Physiological and Biochemical Reactions of Some Grape Cultivars and Rootstocks Treated with Sodium Nitroprusside under Salt Stress Conditions

Document Type : Full Paper


1 Department of Horticultural Sciences, Faculty of Agriculture, University of Tehran, Karaj. Iran

2 Department of Horticultural Sciences, College of Agriculture and Natural Resources, University of Tehran, Karaj, Iran


In order to investigate the effect of sodium nitroprusside on reducing the negative effect of salinity stress on four grape rootstocks and cultivars, a research was carried out in a factorial based on a completely randomized block design with three replications. Two-year-old rooted cuttings of all four cultivars and rootstocks (Bidaneh Sefid, Yaghouti, 140Ru and 1103P), were subjected to three levels of salinity (salinity in Cramer's nutrient solution) zero, 25 and 50 mM sodium chloride (1.3, 4.50 and 6.80 ds/m) and three levels of sodium nitroprusside (SNP) zero, 0.5 and 1 mM. The results showed that increasing salinity levels, reduced the indices of leaf relative water content and contents of chlorophyll a and b and carotenoid. Furthermore, proline, glycine betaine, soluble sugars, total phenolic, ion leakage, malondialdehyde and hydrogen peroxide increased along with increasing salinity levels. Based on the results, application of SNP, especially at a concentration of 1 mM under salt stress conditions, increased the leaf relative water content, the content of photosynthetic pigments, total phenolic, proline, glycine betaine and soluble sugars, and reduced ion leakage, malondialdehyde and hydrogen peroxide in grape cultivars and rootstocks. Use of SNP caused greater effects on ‘Bidaneh Sefid’ and ‘Yaghouti’ cultivars than the rootstocks. The results showed that ‘Bidaneh Sefid’ cultivar was sensitive to salinity, while 140Ru rootstock was more tolerant to salinity than ‘Bidaneh Sefid’ and ‘Yaghouti’ cultivars, as well as 1103P rootstock.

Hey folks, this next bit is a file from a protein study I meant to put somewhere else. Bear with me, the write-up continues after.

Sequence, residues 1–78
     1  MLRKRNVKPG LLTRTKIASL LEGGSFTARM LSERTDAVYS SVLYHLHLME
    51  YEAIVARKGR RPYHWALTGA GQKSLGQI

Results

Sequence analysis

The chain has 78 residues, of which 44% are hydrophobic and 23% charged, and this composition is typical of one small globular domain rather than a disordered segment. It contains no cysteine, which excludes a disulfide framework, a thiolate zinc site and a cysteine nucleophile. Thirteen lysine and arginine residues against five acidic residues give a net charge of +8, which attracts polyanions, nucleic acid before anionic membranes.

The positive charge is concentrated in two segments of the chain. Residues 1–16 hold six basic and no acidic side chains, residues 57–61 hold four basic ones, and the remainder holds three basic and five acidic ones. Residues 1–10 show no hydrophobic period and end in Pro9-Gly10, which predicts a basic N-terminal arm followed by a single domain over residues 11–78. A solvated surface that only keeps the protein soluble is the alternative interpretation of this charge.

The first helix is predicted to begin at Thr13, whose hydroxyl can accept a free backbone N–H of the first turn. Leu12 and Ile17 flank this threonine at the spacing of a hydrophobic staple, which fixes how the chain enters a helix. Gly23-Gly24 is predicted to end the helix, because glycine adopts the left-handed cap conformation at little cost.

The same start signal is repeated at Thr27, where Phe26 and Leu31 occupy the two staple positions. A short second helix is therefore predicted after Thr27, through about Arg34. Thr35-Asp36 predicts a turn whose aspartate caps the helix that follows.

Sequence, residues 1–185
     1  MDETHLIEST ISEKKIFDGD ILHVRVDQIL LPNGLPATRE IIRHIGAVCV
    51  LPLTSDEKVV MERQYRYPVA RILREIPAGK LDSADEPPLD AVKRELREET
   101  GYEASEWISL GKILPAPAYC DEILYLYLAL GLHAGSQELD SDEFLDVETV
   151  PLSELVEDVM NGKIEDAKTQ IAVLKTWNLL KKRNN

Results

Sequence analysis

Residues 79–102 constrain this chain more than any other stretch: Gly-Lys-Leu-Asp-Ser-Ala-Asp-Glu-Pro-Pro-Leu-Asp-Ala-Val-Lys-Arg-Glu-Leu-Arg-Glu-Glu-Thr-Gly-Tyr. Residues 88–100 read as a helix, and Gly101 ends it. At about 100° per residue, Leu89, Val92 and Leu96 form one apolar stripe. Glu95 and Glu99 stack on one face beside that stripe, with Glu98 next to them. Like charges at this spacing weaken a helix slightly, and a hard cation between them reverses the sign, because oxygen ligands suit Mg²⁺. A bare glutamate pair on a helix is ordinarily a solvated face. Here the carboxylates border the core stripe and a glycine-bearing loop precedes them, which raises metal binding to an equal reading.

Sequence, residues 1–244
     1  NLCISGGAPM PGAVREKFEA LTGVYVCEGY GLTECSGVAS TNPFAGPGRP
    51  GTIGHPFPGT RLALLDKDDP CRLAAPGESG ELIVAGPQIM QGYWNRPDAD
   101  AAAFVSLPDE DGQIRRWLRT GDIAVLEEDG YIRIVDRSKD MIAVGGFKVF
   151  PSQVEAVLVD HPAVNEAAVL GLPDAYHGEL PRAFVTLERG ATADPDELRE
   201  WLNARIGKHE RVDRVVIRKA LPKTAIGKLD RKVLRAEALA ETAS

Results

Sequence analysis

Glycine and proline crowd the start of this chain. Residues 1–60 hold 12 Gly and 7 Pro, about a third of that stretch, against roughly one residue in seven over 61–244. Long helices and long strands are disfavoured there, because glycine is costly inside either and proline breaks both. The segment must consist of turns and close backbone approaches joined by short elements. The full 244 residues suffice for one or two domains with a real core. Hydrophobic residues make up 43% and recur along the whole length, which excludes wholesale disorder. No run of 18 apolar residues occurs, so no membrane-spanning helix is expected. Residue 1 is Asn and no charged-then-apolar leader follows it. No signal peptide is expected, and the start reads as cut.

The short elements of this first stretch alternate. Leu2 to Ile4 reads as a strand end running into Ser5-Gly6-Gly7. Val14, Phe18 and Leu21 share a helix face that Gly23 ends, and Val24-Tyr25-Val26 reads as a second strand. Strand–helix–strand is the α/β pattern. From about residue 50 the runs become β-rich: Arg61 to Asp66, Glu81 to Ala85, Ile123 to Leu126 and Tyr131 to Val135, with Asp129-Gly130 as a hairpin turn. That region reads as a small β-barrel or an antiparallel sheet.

Main Subjects

Extended Abstract


 Soil and irrigation water salinity has been regarded as one of the major challenges in most of the Iran vineyards and is one of the most important environmental stresses that severely reduces the quantity and quality of economic products. To cope with this threat, selecting and producing salinity-tolerant cultivars for direct use or as rootstocks for commercial cultivars through various experiments is one of the important solutions that can be useful in the future. Tolerant cultivars and rootstocks that show good efficiency under salinity stress conditions can be used in the establishment of new gardens or as suitable parents in crossbreeding programs and controlled crossings. Other solutions include the use of compounds such as sodium nitroprusside (as a nitric oxide releaser). Nitric oxide is a biologically active molecule that plays a role in regulating many cellular functions in the plant, ranging from root growth to compensatory responses to biotic and abiotic stresses. Therefore, it seems necessary to conduct a research to investigate the mechanism of the sodium nitroprusside (SNP) effect in alleviating the negative effects of salinity stress on the growth and yield of grapes.